Methylene Blue Reduces Neuronal Apoptosis and Improves Blood-Brain Barrier Integrity After Traumatic Brain Injury


Objective: To investigate whether methylene blue (MB) treatment can reverse neuronal mitochondrial dysfunction caused by oxygen glucose deprivation/reoxygenation (OGD) injury and then investigate whether MB treatment can reduce neuronal apoptosis and improve blood-brain barrier (BBB) integrity in traumatic brain injury (TBI) animals.

Methods: Reactive oxygen species (ROS), mitochondrial membrane potential (MMP), and adenosine triphosphate (ATP) were used to evaluate mitochondrial function. The terminal deoxynucleotidyl transferase-dUTP nick end labeling (TUNEL) assay was used to assess neuronal apoptosis in vitro. TUNEL and immunofluorescence staining for neuronal nuclei (NeuN) were combined to assess neuronal apoptosis in vivo. An Evans blue (EB) permeability assay and brain water content (BWC) were used to measure BBB permeability in vivo. The Morris water maze (MWM), rotarod test, and modified Neurological Severity Score (mNSS) test were employed to assess the prognosis of TBI mice.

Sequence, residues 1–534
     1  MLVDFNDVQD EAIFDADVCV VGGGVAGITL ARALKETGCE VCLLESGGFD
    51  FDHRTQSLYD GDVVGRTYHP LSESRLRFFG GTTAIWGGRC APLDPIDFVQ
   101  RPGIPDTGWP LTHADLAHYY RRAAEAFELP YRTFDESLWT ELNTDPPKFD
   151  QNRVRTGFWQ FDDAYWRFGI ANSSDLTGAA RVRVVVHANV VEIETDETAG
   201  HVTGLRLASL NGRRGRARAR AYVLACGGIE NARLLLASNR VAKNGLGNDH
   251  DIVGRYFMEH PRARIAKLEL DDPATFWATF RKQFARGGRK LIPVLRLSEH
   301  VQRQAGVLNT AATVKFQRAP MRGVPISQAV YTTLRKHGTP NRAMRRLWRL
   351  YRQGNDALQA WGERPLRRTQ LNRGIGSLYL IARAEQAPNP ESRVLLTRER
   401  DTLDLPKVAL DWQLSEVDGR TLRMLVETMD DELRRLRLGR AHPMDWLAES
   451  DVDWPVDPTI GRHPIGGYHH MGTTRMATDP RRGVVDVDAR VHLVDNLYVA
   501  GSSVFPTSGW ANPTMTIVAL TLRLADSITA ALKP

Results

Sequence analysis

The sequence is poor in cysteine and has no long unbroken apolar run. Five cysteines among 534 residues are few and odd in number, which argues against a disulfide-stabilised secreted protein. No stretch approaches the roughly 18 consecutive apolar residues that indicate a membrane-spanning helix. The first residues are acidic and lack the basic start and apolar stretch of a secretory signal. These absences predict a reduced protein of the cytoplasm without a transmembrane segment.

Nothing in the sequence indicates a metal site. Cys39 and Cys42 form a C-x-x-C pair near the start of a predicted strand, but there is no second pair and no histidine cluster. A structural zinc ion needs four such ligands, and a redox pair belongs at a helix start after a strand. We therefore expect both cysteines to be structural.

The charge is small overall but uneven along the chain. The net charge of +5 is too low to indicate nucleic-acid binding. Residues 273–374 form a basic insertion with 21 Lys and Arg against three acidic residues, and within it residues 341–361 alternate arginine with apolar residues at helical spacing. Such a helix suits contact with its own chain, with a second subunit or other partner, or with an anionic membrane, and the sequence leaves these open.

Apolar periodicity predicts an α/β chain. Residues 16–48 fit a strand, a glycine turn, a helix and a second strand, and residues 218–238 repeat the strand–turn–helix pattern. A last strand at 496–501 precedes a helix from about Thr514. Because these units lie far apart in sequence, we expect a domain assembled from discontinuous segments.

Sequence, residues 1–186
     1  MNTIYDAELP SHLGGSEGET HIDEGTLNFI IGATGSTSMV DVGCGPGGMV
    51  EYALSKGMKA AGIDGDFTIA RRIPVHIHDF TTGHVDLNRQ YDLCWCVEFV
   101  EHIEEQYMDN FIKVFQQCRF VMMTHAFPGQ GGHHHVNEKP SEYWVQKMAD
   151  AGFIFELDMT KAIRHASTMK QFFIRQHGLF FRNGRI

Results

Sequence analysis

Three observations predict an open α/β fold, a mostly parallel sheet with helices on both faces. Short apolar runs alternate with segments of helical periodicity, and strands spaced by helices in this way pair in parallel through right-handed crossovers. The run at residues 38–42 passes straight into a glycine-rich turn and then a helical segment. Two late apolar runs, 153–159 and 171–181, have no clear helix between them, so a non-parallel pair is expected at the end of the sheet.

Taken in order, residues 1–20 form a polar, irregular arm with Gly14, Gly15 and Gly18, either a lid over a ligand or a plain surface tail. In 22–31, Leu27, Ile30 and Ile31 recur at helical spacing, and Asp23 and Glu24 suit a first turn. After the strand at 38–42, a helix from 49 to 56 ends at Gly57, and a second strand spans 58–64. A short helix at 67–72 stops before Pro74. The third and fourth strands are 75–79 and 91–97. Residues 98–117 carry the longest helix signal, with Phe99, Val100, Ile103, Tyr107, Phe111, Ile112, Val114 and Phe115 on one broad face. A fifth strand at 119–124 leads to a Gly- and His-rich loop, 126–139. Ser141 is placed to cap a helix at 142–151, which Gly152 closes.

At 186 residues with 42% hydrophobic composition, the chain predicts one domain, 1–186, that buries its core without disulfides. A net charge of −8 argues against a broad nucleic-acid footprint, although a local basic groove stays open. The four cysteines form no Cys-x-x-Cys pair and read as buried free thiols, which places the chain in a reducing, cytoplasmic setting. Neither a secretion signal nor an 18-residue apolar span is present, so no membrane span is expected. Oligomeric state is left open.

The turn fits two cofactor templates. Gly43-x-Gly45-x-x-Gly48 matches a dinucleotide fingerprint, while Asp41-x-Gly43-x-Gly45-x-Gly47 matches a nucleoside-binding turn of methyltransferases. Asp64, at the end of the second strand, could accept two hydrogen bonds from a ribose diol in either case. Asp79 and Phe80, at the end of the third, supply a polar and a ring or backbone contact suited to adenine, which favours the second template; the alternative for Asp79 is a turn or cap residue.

Results: MB treatment significantly reversed neuronal mitochondrial dysfunction caused by OGD injury. Both in vitro and in vivo, MB treatment reduced neuronal apoptosis and improved BBB integrity. In TBI animals, treatment with MB not only improved cognitive and motor function caused by TBI but also significantly improved overall neurological function.

Conclusions: Our findings suggest that MB is a potential candidate for the treatment of TBI. Future research should focus on other therapeutic effects and mechanisms of MB in secondary brain injury.



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